Liberty Media completed its US$8 billion takeover of Formula One this week and the series’ new American owners have quickly set about ushering in a new era for the sport. Some four decades after taking the helm, 86-year-old Bernie Ecclestone has officially been replaced by Liberty’s chosen one, Chase Carey, who had already been appointed as chairman of Formula One Group and will now also serve as its chief executive.
The move, announced just days after Liberty finalised its acquisition, signals the intent of the new ownership to make radical changes to the way the sport is run. Previous rumours had suggested that Ecclestone would be kept on for two or three years to allow for a transitional period. He has instead been given the title of chairman emeritus, but will play no part in the decision-making process or day-to-day running of the group.
Ecclestone's role, which saw him operate both the commercial and sporting arms of the business, has been devolved by Liberty, with two industry veterans stepping in. Former ESPN boss Sean Bratches (left) has been named as managing director of commercial operations, while F1 stalwart Ross Brawn becomes managing director of motor sports. In a statement issued shortly after Monday’s announcement, Ecclestone declared himself "proud of the business that I built over the last 40 years and all that I have achieved with Formula One”.
In the ever-shifting landscape of the National Football League (NFL), the Oakland Raiders have formally applied to relocate to Las Vegas after failing to find a replacement for their ageing home stadium, Oakland-Alameda County Coliseum. Relocation requires approval from at least three quarters of the league’s 32 teams, whose owners could vote on the move as early as March, when they are due to meet in Phoenix. The Raiders, who had until 15th February to file relocation papers, have been promised a record US$750 million in public funding to construct a proposed US$1.9 billion, 65,000-seat stadium in Las Vegas, but there remain several questions surrounding the move.
Chief among them concerns the fact that the Las Vegas stadium project is backed to the tune of US$650 million by Sheldon Adelson (right), the chairman and chief executive of casino resort developer Las Vegas Sands Corporation. It is unclear whether Adelson is pursuing a stake in the Raiders in return for his investment but if he is, the NFL would have a tough decision to make. In a league notoriously wary of Nevada’s approval of sports betting, one that prohibits owners from having direct interest in gambling organisations, would NFL commissioner Roger Goodell and team owners be willing to accept a casino magnate into their ranks?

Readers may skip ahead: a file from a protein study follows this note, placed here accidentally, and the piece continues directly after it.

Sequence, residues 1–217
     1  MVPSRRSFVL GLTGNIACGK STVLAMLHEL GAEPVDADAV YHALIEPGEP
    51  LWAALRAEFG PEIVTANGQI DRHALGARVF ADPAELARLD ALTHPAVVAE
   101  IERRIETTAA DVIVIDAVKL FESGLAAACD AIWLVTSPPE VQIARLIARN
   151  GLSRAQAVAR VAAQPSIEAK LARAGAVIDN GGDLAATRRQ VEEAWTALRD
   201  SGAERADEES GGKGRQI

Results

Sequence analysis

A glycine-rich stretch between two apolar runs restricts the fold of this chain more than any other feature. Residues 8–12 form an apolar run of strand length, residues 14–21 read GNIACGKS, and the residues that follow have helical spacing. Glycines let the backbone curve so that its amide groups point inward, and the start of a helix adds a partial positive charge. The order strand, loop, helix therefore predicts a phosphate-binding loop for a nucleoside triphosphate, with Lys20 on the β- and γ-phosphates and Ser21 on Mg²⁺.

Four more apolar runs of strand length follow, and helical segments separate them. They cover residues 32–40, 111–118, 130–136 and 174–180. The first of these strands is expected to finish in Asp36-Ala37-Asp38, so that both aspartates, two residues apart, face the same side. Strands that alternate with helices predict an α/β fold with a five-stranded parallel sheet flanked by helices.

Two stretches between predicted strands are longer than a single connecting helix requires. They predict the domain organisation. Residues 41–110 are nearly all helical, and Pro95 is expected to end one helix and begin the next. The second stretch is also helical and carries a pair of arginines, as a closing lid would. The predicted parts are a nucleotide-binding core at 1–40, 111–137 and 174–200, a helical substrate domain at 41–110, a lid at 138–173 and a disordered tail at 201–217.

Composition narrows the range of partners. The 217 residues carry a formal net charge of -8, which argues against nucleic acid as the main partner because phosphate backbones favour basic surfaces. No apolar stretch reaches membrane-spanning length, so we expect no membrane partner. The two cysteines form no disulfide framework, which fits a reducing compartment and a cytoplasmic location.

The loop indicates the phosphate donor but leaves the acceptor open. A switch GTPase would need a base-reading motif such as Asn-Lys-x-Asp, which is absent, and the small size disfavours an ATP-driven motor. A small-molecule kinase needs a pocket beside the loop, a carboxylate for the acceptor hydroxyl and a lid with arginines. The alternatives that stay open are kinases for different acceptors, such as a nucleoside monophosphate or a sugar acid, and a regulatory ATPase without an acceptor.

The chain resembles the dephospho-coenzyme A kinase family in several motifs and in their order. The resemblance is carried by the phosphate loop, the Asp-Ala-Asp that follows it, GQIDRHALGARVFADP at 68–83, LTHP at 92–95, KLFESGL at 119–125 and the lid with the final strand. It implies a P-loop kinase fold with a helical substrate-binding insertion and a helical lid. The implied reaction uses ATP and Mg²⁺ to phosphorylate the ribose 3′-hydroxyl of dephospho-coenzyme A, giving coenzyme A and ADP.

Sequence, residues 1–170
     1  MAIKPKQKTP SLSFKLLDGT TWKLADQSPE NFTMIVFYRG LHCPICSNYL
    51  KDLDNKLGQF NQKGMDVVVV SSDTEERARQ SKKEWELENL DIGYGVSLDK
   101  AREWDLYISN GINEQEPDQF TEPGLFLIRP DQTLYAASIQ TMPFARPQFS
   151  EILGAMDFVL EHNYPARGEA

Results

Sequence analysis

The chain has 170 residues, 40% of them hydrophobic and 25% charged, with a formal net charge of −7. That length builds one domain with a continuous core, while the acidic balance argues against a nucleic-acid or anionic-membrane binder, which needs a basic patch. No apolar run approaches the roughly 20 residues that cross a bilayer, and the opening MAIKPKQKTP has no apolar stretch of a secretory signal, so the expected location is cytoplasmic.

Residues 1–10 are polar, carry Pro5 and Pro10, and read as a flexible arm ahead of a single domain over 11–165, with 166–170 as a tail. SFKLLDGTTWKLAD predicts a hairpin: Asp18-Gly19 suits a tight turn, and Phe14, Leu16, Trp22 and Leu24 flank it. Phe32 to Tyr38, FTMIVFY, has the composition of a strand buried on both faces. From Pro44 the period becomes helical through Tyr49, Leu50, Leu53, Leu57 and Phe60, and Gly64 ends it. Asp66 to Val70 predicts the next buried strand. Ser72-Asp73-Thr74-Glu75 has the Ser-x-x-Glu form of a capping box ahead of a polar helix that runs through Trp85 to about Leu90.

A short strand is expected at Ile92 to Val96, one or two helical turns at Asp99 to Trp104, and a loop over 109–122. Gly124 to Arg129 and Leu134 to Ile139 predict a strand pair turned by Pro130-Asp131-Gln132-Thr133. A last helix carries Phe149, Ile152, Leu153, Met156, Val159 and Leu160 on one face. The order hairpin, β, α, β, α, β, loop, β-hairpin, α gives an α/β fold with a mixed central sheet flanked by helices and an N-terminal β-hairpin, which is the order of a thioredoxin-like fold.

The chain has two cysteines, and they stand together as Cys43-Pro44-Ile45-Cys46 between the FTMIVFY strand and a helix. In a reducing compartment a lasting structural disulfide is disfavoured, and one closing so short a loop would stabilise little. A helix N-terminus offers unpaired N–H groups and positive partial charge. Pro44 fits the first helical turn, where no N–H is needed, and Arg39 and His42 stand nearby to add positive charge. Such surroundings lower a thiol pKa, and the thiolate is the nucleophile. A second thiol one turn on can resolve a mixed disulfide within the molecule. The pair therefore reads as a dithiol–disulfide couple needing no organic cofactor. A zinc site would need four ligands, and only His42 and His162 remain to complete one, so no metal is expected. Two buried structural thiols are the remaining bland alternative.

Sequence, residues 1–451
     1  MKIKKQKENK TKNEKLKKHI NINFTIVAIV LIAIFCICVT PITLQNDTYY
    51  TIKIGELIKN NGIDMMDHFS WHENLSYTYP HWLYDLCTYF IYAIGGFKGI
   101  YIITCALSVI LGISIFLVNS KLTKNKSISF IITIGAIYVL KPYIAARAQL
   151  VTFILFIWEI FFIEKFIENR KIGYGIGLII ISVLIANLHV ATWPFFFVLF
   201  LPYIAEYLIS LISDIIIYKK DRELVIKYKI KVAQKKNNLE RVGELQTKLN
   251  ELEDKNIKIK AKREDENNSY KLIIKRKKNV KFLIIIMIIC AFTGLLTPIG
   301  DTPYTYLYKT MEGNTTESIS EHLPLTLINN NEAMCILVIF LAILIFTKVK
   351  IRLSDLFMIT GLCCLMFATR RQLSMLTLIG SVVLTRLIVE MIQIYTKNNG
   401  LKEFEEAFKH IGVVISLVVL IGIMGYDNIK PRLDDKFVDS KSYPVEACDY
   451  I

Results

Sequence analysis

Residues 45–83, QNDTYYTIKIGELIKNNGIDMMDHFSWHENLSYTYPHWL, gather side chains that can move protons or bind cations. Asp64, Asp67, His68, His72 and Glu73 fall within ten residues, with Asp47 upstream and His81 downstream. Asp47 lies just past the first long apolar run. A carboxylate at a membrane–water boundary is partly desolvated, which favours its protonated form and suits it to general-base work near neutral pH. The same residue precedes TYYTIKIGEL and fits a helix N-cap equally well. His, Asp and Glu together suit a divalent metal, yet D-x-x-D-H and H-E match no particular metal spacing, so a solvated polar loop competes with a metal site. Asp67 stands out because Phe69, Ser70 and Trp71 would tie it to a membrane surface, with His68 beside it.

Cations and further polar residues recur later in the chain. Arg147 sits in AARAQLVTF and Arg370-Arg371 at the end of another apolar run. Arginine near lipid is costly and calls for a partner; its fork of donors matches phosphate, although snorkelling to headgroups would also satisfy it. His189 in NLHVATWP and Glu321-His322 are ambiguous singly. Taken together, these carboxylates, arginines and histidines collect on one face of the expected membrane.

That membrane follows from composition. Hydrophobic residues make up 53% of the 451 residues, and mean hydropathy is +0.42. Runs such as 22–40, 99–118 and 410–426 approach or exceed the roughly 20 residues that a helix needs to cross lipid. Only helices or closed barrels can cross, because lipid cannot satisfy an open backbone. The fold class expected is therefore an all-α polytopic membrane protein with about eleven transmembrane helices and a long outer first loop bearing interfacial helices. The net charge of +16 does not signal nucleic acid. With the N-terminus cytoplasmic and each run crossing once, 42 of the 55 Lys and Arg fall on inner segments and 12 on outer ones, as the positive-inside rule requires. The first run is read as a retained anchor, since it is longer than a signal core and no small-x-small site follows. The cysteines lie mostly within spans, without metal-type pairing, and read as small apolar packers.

Elsewhere, the Caribbean Football Union (CFU) has initiated a plot to break away from Concacaf and form a seventh Fifa confederation, with the regional body’s hierarchy said to be fed up of being subjugated and financially starved by their North American counterparts. CFU president Gordon Derrick (below), who was notably barred from running for the Concacaf presidency last spring after failing an integrity check, oversaw an executive committee summit in Miami last week, during which he was said to have received backing for a split from 26 of the CFU’s 31 members.
The CFU’s mooted breakaway is being proposed in a bid to wrest back greater control of funding and youth development, and comes after two disgraced former Concacaf presidents, Jack Warner of Trinidad and Tobago and the Cayman Islands' Jeffrey Webb, were indicted on counts of corruption in 2015, leaving a power vacuum that saw Canada’s Victor Montagliani elected as the confederation’s new leader last May. Montagliani, a self-proclaimed reformist, is in the process of cleaning up Concacaf’s image following the malpractice of past regimes, and his continued reluctance to hand over any decision-making power to the CFU is being seen as punishment for his Caribbean predecessors’ much-publicised transgressions.
Also this week: the National Basketball Association (NBA) and its players' union, the NBPA, formally approved the terms of their new seven-year collective bargaining agreement, bringing to an end a process that proved serene and democratic from the outset; brewing giant Anheuser-Busch InBev, maker of the beer brand Budweiser, announced its decision to end its sponsorship of the United States Olympic Committee (USOC) after 33 years, citing a shift in marketing strategy; and Los Angeles’ bid for the 2024 Olympics took another step forward after the LA City Council voted unanimously to approve a memorandum of understanding that would provide financial safeguards for the city should it be chosen to host the Games.